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|General descriptions of types of editions :|
|The Aircraft :|
|Horsa||The Airspeed AS 51 Horsa named after Horsa the legendary conqueror of southern Britain in the 5th century was built by Airspeed Ltd during the second world war. The Horsa was a troop carrying glider that also could carry light vehicles. On the 19th / 20th November 1942 the Horsa was used for the first time for Operation Freshman, the unsuccessful attack at Rjukan in Norway on the German heavy water plant. The two Horsa gliders, each carrying 15 sappers, and one of the two Halifax Bombers used to tow the gliders, crashed in Norway due to bad weather. All 23 survivors from the glider crashes were executed on the orders of Adolf Hitler. In preparation for further operational deployment, 30 Horsa gliders were air-towed by Halifax bombers from Great Britain to North Africa but three aircraft were lost in transit. On 10 July 1943, 27 surviving Horsas were used in the invasion of Sicily during Operation Husky. During the Normandy landings over 250 Horsa Gliders were used by British and US Forces. The first units to land in France during the Battle for Normandy were at Pegasus Bridge where 6 Horsas were used in the capture of the bridge over the Caen canal, and a further bridge over the River Orne. In 1944 large numbers were also used for Operation Dragoon and Operation Market Garden, and in March 1945 Horsas again were used during Operation Varsity and the final operation for the Horsa when 440 gliders carried soldiers of the 6th Airborne Division across the Rhine. The Horsa Glider was towed by a variety of aircraft, usually bombers. The Short Stirling, Handley Page Halifax, Armstrong Whitworth Whitley and the Armstrong Whitworth Albemarle and also the Douglas C-47 Dakota. During Operation Market Garden, a total of 1,336 C-47s along with 340 Stirlings were employed to tow 1,205 gliders, and Curtiss C-46 Commando. They were towed with a harness that attached to points on both wings, and also carried a intercom between tug and glider. The glider pilots were usually from the Glider Pilot Regiment, part of the Army Air Corps, although Royal Air Force pilots were used on this occasion.|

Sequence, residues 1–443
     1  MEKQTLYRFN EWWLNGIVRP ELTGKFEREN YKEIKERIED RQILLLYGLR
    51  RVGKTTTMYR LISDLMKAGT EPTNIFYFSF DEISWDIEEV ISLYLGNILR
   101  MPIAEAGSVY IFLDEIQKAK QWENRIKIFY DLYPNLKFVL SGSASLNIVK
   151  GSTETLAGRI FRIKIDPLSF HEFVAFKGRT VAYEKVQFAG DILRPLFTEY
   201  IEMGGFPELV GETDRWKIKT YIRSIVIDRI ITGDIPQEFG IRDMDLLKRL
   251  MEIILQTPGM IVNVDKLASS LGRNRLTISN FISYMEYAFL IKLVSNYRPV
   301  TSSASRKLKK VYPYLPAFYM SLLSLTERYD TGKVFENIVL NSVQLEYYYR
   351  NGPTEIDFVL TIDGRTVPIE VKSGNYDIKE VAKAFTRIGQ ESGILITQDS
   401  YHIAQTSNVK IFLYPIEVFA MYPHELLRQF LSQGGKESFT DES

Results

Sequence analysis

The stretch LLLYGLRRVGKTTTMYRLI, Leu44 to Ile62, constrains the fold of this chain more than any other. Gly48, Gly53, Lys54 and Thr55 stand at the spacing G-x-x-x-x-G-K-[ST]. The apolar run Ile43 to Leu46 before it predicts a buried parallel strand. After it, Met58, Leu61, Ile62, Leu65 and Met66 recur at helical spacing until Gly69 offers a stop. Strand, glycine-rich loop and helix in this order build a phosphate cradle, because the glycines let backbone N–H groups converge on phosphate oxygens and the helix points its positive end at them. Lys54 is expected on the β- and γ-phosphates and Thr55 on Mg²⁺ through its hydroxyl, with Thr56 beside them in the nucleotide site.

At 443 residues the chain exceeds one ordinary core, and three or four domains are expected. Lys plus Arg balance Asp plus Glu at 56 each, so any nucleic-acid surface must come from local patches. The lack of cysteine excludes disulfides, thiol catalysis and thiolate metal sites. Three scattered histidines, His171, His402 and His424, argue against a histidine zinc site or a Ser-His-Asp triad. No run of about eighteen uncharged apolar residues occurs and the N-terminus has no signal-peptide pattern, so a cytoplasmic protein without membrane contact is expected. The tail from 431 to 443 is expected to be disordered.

|Artist Details : Michael Turner|
|Click here for a full list of all artwork by Michael Turner|
Michael Turner is one of today's best known and highly regarded motorsport artists, establishing himself as part of the Grand Prix scene in the 1960s. His parallel career in the field of aviation art has seen him achieve similar success and he has been President of the Guild of Aviation Artists for the past 16 years. His paintings and prints are prized by collectors for their drama and atmosphere, combined with a technical accuracy that comes with a deep understanding of his subject matter.
More about Michael Turner
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